Should the high court make changes to Section 2 of the Voting Rights Act, which allows after-the-fact challenges to voting restrictions that may disproportionately affect members of minority groups, Democrats and voting rights groups could be left without one of their most essential tools to challenge new laws.
For decades, Georgia has been at the center of the voting rights battle, with Democrats and advocacy groups fighting back against repeated efforts to disenfranchise Black voters in the state.
As recently as 2018, Georgians faced hourslong lines to vote in many predominantly Black neighborhoods, and thousands of Black voters were purged from the voting rolls before the election. Now Republicans have again changed the state’s voting laws ahead of critical Senate and governor’s races in 2022.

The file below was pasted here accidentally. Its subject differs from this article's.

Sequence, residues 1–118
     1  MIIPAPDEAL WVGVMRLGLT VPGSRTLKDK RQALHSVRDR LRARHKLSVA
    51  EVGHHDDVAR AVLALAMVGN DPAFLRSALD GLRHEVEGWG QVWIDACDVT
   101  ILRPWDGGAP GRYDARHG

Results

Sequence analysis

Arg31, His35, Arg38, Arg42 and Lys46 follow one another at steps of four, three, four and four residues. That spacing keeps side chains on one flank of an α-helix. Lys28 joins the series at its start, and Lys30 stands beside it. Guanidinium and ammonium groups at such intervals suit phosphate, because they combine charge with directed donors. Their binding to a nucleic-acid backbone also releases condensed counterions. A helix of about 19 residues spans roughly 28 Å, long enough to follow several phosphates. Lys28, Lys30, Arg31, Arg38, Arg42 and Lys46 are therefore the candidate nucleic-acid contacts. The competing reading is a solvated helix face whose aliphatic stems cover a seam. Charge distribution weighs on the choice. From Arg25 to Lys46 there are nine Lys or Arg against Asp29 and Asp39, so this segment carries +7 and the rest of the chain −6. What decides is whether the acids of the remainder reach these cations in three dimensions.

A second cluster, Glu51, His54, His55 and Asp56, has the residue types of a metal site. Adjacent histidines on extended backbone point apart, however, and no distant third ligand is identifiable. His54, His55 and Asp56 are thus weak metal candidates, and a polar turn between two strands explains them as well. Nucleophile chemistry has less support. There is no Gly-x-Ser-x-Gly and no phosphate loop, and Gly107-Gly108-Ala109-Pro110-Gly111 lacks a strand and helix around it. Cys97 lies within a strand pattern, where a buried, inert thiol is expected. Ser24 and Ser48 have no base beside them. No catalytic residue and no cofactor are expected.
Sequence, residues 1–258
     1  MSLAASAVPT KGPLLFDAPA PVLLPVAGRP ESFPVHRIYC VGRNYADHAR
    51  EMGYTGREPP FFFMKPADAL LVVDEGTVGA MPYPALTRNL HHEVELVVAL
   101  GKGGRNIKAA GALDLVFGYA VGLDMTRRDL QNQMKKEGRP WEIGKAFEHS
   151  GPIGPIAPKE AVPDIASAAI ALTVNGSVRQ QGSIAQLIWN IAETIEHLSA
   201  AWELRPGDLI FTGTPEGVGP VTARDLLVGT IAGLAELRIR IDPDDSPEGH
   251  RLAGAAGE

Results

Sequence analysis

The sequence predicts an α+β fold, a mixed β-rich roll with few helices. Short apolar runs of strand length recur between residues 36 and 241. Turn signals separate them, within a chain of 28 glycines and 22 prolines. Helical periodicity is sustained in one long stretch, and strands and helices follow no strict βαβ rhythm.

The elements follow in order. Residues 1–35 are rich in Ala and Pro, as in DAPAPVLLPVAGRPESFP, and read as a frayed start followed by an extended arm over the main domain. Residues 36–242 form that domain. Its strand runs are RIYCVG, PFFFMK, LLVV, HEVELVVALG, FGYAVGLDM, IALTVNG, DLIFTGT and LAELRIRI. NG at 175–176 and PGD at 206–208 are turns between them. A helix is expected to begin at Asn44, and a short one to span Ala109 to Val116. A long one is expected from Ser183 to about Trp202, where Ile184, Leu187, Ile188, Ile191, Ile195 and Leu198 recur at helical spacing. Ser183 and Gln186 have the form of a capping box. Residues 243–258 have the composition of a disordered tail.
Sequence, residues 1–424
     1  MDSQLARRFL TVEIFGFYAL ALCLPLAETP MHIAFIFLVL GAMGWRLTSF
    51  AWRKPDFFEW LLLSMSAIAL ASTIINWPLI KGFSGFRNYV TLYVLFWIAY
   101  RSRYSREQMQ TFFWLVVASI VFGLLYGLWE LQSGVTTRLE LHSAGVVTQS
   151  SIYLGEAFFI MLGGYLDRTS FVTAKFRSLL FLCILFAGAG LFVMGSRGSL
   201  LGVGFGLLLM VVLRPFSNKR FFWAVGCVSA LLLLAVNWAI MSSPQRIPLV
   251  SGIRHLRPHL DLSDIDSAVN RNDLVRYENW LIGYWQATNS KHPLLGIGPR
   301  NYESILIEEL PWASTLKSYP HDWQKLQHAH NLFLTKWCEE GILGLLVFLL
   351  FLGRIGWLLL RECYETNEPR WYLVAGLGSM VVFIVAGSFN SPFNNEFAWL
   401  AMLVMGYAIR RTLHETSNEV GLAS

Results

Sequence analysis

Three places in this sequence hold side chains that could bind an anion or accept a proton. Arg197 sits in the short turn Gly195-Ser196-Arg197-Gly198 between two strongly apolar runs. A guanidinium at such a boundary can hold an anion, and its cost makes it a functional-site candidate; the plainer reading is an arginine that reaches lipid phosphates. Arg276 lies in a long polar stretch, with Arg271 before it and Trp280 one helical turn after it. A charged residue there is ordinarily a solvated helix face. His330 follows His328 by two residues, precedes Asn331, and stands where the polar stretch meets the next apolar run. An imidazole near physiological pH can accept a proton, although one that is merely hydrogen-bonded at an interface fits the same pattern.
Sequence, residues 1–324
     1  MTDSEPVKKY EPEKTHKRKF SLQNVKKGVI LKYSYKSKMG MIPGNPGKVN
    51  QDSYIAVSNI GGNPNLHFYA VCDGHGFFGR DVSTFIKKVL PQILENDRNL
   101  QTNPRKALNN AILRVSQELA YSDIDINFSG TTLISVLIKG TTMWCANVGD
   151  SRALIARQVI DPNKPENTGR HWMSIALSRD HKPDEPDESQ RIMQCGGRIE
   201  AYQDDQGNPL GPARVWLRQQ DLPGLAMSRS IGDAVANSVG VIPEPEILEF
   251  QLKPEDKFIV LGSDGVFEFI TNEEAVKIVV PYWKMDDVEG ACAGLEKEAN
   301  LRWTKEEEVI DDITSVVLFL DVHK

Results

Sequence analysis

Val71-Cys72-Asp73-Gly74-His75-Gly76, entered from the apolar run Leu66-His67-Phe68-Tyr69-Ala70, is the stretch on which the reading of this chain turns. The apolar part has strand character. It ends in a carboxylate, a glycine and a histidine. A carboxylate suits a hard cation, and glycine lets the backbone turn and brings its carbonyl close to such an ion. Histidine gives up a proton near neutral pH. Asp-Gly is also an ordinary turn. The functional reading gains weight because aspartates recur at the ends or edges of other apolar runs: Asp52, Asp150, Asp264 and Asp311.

Democrats, shut out of power in the Statehouse despite holding both United States Senate seats, were relatively powerless in the legislative process to stop the voting bill, though they do now have avenues through the courts to challenge the law.
The initial iterations of the bill contained measures that voting rights groups said would have even more directly targeted Black voters, like a proposal to restrict early voting on the weekends that would limit the longstanding civic tradition of “Souls to the Polls,” in which Black voters cast ballots on Sunday after church services.